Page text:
Various Artists

Italian Musical Odyssey

by Katy Widder


Yes, it’s time once again to review a Putamayo production, the Italian Musical Odyssey. I guess some people must really enjoy these compilations, because otherwise they wouldn’t release so many of them. I’ve listened to them enough to realize that they’re not really my cup of tea. You know those compilations titled Classical Music For a Rainy Day or Mozart for Dummies, well, Putamayo releases could be called World Music For Dummies.

That’s not to say that the whole compilation is pointless. Just as Mozart for Dummies will obviously have some great works on it, so does Italian Musical Odyssey. I guess it’s more the idea of it than anything. Maybe I’m just falling for the cliche that a real music fanatic would do enough research to find the best Italian musicians and then go find each artist’s full length albums. Of course, many people in the United States don’t have much of any exposure to Italian folk music, so perhaps this compilation is a good place to start.

cover art

Various Artists

Italian Musical Odyssey


My favorite song on the album features a mezzo voice with acoustic guitar. The title of the piece is “Quante Stelle Nel Cielo Con La Luna” and it is performed by Lucilla Galeazzi. Not only can she sing, she’s also a musicologist. She blends a cosmopolitan style with rustic folk sounds. This is definitely the highlight of the recording.

Another notable song, “Il Battagliero”, is performed by Riccardo Tesi, who has been versed in the folk tradition of Tuscany as well as in Scandinavian, French, Basque, African and Indian music. He crosses genres by also playing jazz and classical. “Il Battagliero” is a popular dance called Ballo Liscio, which is a hit with older crowds in Italy. This dance was influenced by Strauss waltzes and helped popularize ballroom dancing there.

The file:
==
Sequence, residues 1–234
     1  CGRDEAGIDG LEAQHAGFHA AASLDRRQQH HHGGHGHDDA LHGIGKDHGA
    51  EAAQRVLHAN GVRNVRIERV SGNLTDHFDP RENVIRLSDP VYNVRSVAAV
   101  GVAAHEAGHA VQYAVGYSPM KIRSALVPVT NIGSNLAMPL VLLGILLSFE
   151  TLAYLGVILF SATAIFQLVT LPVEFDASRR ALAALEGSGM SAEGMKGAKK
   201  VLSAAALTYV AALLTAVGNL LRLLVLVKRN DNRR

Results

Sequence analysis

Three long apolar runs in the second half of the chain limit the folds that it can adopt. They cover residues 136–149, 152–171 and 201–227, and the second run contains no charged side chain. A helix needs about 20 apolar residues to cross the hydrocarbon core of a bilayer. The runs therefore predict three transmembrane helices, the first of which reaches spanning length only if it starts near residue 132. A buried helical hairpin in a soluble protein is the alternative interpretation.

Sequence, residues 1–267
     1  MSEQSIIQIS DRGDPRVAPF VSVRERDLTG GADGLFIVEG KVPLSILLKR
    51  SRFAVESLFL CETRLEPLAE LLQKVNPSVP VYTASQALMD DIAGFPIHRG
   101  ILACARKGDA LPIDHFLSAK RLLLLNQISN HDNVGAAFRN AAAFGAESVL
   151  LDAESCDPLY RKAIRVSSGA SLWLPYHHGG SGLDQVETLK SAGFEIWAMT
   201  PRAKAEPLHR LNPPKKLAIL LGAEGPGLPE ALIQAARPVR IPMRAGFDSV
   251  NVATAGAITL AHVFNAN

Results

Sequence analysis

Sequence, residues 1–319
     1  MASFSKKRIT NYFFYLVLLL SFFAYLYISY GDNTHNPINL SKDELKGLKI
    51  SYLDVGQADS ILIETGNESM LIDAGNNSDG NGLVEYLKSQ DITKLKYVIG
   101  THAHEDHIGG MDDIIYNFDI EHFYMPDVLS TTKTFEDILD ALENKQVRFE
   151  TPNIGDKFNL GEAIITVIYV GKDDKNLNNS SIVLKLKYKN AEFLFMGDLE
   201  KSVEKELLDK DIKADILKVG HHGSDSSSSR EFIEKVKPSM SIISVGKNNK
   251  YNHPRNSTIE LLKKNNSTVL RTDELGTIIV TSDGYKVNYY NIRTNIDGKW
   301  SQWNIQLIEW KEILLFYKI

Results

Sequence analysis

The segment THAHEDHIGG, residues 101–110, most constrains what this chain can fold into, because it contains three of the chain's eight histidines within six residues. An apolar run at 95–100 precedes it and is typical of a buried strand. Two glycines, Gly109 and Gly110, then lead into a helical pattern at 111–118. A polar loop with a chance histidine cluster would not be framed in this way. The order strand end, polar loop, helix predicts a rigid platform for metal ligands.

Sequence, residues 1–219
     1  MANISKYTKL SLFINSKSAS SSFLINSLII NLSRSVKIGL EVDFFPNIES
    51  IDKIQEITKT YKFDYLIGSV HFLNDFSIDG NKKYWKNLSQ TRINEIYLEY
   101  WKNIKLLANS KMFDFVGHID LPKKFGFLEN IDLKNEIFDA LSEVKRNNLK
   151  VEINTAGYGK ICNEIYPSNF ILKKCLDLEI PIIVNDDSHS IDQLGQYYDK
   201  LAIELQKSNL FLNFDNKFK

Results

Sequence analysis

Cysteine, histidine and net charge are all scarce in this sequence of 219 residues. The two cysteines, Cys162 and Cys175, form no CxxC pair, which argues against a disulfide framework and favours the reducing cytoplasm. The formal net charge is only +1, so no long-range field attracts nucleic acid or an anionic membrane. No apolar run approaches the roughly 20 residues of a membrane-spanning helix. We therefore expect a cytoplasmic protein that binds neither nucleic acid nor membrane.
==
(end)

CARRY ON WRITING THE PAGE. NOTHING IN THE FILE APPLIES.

A final highlight of the compilation is a song called “Franziska” by the band by the name of Taken. They are from Northern Italy and blend contemporary sounds with traditional ones to create their own style. They are said to create songs with modern rhythms with Mediterranean, Latin, reggae and dub influences. But, “Franziska” has more of a Celtic flavor. And it features a fun accordion part that will make you feel as if you’re skipping down a narrow cobblestone road.

Overall this compilation is fine, I guess I just don’t agree with the idea of it. I suppose for world music dabblers, Putamayo compilations are perfect. They allow you to listen to many different bands through one CD. But, hopefully it will inspire you to go buy single artists’ releases too. That way you can be an official world music fanatic instead of just one of dabblers.

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